Prevention curricula rely on audience engagement to effectively communicate their messages. However, to date, measurement of engagement has primarily focused on self-report that is often an indicator of liking or satisfaction. Emerging technologies for intervention delivery hold promise not only for additional engagement indicators but also for dissemination outside of traditional vehicles such as classroom delivery. The present study, grounded in the theory of active involvement (Greene 2013), explores the role of engagement (as measured by self-report, program analytics, and observation) with short-term substance use prevention outcomes such as self-efficacy to counter-argue and descriptive and injunctive norms. The study tracks 4-H youth (N = 310) engaged with a media literacy focused e-learning substance prevention curriculum, REAL media. Results indicate that self-reports of engagement predicted self-efficacy to counter-argue, but a program-analytic indicator of dosage predicted lower injunctive and descriptive norms, all at 3 months. The observational indicator was correlated with self-efficacy to counter-argue but not significant in the predictive models. The implications and directions for future research regarding how engagement is measured in prevention and included in studying program effects are discussed. Clinical trial: NCT03157700, May 2017.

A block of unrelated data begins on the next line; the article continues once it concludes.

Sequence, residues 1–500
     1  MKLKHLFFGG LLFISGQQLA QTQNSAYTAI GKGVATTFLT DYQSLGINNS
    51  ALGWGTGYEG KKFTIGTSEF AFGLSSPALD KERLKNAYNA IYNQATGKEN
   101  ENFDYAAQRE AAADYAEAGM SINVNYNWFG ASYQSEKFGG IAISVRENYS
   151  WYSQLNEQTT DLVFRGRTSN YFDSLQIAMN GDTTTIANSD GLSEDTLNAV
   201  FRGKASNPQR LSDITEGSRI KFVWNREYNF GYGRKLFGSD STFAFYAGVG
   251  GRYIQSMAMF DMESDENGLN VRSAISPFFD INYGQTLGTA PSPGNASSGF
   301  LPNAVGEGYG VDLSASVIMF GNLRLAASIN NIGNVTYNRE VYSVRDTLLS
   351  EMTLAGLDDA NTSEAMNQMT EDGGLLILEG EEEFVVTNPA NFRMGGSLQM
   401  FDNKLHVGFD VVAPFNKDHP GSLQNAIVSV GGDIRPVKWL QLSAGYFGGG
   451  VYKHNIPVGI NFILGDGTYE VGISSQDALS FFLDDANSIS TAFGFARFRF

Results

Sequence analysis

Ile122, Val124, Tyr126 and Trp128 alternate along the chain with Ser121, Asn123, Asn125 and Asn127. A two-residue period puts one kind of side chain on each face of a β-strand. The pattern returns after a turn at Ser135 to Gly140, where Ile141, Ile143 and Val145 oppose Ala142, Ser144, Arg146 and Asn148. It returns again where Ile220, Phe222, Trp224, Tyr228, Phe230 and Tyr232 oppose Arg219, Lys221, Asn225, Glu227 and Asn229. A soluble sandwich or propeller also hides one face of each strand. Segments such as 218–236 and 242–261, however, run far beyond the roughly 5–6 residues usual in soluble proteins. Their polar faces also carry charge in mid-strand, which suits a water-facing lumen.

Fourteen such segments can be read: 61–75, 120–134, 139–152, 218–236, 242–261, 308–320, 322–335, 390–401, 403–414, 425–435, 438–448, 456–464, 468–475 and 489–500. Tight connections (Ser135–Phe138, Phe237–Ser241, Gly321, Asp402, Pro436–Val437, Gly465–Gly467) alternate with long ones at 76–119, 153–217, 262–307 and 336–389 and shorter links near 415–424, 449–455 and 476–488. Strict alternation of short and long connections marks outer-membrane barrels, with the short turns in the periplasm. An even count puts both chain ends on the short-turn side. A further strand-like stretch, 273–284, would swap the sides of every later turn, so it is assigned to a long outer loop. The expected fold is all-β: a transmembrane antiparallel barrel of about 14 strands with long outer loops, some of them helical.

|Number of pages||12|
|State||Published - Feb 2021|
Bibliographical noteFunding Information:
This study is supported by NIDA/NIH (R41DA039595, R42DA039595). Acknowledgments
We gratefully acknowledge the contributions of the 4-H clubs and their members, particularly Rachel E. Lyons of 4-H and Rutgers University.
© 2020, Society for Prevention Research.
- Health messages
- Media literacy
- Substance use
ASJC Scopus subject areas
- Public Health, Environmental and Occupational Health